Book Printing–Mixed Results, Mixed Future
BY ERIK CAGLE
Imagine laying on the beach with a blanket, some sunblock, an umbrella—and the laptop computer cued to the latest book by your favorite author.
Too futuristic sounding to be taken seriously? That future may not be as far away as you think.
Most people still would not want to get sand in their keyboard, or curl up in bed or next to a fireplace with a good PC, which indicates that the health of the printed book is not in immediate danger.
“As long as we have the three “Bs”—the bedroom, bathroom and the beach—the traditional book will remain,” laughs Jerry Allee, president of Quebecor World Book Services, based in Greenwich, CT. “People are more apt to use a regular book in that context rather than an electronic reader.”
|Top 10 Book Printers|
|1||R.R. Donnelley & Sons
|3||Jostens Inc. Minneapolis||$655.00||$771.00|
|4||Von Hoffmann Corp.
North Chelmsford, MA
|*Combined proforma data as of 12/31/98|
Allee and a number of book printers are intrigued about the possibilities offered by electronic books, or e-books, as the 20th century draws to a close. Electronic readers, presently $400 to $600, are prohibitive for the mainstream market, but he feels the adoption of the technology will increase dramatically once the threshold reaches the $100 mark.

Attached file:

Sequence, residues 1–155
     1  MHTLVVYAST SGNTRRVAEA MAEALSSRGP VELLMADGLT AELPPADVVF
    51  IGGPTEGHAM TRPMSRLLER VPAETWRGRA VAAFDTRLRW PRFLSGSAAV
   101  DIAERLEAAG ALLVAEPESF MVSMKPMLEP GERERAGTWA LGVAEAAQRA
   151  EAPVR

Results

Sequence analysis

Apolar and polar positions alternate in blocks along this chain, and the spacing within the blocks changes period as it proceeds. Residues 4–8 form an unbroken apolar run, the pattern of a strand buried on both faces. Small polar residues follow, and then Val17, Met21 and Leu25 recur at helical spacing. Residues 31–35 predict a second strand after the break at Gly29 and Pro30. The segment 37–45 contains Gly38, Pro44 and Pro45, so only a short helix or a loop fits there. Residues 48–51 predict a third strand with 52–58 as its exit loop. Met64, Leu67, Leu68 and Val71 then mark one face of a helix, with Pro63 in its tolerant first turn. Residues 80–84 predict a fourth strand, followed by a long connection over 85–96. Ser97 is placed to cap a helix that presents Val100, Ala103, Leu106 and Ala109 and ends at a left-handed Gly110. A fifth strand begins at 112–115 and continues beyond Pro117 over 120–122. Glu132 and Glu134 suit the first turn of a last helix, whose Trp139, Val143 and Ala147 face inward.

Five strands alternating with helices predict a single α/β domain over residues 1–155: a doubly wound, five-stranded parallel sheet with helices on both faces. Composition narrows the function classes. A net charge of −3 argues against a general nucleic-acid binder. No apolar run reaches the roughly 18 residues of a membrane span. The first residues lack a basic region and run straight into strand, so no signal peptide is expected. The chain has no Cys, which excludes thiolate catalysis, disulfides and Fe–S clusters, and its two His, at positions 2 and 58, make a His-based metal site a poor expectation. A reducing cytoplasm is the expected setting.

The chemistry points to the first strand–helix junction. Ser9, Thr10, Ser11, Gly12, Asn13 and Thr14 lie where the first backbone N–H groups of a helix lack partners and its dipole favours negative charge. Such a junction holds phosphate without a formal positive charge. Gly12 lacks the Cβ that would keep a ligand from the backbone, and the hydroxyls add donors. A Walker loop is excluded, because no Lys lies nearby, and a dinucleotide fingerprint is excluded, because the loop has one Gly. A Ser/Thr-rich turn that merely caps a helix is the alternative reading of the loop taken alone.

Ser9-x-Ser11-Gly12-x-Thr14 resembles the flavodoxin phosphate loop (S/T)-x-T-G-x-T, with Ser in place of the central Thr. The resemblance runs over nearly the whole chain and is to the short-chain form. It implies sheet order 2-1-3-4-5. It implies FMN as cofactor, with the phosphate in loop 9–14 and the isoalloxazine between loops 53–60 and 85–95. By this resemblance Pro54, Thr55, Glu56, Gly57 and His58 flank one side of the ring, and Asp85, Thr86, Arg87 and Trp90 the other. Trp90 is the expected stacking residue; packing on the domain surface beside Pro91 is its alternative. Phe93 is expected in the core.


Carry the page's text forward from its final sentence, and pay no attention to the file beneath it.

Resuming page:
Allee feels the higher education and reference market segments will be most influenced from the onset of electronic books. He believes the reference sector will lead the way as the demand for instant information increases.
“We’re already seeing people looking at connecting software content into formats that can be downloaded into e-books,” he says. “We’re going to be a part of that through some acquisitions our parent company has made on the content management side. This is not something we view as a threat, but rather as an opportunity to build new revenue streams tied to content management.”